AUBURN HILLS, Mich. — It looks as if Phil Jackson will hold additional triangle tutorials as the season winds down.
So says Derrick Rose who was one of the Knicks guards asked via text to arrive at Thursday’s practice at 12:30 p.m., a half-hour earlier than the rest of the team, so they could go over some principals of the offense with the Knicks team president.
“I think it went well. Then again, when someone like Phil comes and talks to you and shows you things, you have to pay attention,” Rose said before Saturday’s game against the Pistons. “It’s always an honor when a person like that, a guy like that, gives you his time. I think it was helpful. But then again, it was only one day so. Hopefully he comes back the next couple of days or next week and shows us some more things.
“He said he would [come back] so right now we just have to wait and see whenever that is and go from there.”
Jackson won 11 titles running the triangle offense in Los Angeles and Chicago, and wants the Knicks to master the system. Apparently, in Thursday’s session he got so specific that he was even directing veteran guards on the proper way to pass the ball.
One of the things he told the guards was when they make a one handed pass, they need to start with two hands and then use one “to put a punch behind it” said Courtney Lee. The guards were also told that a properly passed ball should make a “ping” noise when they catch it.
Lee, unlike Rose, said he had not heard that Jackson plans to hold more triangle sessions down the stretch.
“I guess I’ll be prepared for it,” Lee said. “Going to class man.”
To some, it might seem a little odd for Jackson to be going over the offense with just 17 games in the season, especially since some of the players he is teaching it to might not even be here next year.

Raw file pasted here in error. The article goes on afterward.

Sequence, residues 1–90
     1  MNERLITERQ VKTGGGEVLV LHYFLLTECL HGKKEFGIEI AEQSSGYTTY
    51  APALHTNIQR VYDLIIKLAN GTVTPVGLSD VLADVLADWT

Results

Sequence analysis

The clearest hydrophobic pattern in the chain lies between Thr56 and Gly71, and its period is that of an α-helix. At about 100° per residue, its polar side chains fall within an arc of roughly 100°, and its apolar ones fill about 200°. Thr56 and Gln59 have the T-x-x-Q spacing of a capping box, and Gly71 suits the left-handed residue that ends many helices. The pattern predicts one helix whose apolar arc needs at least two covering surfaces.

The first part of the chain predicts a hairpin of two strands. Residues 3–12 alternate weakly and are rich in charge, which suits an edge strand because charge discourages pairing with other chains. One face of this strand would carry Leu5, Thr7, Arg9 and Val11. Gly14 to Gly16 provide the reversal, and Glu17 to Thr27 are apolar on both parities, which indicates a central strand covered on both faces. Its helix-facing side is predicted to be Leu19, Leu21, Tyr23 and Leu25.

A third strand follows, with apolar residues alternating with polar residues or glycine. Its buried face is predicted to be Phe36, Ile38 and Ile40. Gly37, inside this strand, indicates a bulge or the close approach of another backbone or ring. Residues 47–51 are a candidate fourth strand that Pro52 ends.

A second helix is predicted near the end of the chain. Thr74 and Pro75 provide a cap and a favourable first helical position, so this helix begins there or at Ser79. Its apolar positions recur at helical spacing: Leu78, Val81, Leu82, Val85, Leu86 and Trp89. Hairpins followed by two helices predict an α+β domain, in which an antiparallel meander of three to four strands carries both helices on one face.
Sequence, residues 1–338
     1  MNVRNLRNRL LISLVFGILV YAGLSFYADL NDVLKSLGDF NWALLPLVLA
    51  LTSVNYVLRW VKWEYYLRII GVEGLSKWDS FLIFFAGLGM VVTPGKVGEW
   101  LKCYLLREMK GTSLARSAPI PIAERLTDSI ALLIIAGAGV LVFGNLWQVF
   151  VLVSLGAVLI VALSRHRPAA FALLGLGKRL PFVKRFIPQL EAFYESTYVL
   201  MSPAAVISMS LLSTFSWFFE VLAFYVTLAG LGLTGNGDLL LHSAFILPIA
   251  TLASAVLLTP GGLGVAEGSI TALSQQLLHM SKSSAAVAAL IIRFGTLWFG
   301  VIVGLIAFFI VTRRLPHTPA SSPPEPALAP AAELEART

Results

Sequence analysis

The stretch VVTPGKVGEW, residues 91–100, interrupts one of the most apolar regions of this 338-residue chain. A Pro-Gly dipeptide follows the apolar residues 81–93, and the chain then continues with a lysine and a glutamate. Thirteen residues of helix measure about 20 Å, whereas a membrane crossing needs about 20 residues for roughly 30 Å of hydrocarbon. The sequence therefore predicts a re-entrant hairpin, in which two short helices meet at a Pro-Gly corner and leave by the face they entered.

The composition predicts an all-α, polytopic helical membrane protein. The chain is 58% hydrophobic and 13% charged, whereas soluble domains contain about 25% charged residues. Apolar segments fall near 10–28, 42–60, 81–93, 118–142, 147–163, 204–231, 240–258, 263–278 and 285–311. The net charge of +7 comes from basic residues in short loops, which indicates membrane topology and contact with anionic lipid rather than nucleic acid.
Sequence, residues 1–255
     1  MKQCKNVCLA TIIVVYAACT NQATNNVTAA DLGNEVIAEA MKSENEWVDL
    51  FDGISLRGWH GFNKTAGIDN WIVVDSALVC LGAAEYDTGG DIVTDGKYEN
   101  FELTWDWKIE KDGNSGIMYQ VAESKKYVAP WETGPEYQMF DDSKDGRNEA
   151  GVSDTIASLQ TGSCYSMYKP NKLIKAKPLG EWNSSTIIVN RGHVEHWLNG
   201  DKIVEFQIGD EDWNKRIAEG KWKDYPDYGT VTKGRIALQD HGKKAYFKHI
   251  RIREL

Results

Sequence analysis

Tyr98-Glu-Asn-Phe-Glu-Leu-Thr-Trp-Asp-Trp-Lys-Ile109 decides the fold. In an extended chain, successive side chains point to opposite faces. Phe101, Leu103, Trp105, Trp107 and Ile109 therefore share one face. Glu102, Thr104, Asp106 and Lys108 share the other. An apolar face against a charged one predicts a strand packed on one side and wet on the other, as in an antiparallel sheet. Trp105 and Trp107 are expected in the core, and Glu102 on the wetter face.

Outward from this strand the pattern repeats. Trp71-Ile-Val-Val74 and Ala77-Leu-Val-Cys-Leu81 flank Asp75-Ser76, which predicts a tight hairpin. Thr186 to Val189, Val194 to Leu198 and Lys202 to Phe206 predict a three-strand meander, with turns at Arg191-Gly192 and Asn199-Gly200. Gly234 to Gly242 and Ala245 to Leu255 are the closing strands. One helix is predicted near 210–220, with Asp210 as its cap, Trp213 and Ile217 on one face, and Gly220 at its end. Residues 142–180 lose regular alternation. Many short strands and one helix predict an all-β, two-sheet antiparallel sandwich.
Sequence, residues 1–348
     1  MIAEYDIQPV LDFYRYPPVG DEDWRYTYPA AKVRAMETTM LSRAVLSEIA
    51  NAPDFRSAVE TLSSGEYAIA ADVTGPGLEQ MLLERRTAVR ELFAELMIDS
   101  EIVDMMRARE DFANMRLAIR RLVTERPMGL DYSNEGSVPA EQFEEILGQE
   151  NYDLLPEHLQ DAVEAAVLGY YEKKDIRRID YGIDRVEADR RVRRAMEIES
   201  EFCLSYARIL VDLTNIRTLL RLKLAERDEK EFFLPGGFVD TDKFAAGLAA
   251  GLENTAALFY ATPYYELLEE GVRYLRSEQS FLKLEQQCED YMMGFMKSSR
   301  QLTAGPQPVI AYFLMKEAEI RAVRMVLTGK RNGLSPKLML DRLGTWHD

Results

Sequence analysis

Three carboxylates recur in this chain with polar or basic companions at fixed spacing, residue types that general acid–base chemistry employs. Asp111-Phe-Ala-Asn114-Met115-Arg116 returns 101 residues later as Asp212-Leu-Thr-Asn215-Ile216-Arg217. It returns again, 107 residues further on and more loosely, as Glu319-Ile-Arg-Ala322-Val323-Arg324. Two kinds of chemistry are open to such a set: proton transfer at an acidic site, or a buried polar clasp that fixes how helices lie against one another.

Since returning from the All-Star break, the Knicks have run the triangle more than they did earlier in the season. The perception is that Jackson is directing Hornacek to run the triangle, a system that Hornacek has never played in or coached before being hired last June.
Rose, who previously has aired his frustration about playing in the triangle, sounded a little more open to it on Saturday. He said there are some differences in the way Jackson taught it as compared to the coaching staff.
“He won championships with it so of course there’s a difference,” the point guard said. “He’s more detailed. He’s real specific about the way you enter a wall, the way that you cut, his terminology is different.”
Before the Pistons game, Hornacek downplayed Thursday’s session, saying that he wasn’t even sure if the Knicks would use what Jackson was teaching in games.
“I don’t know there’s a difference in the things they already knew,” Hornacek said. “They still do those things. But it’s good to see those couple other things he says, go ahead and do. Whether they try them in the games, we’ll find out. It gives them something else to think about.”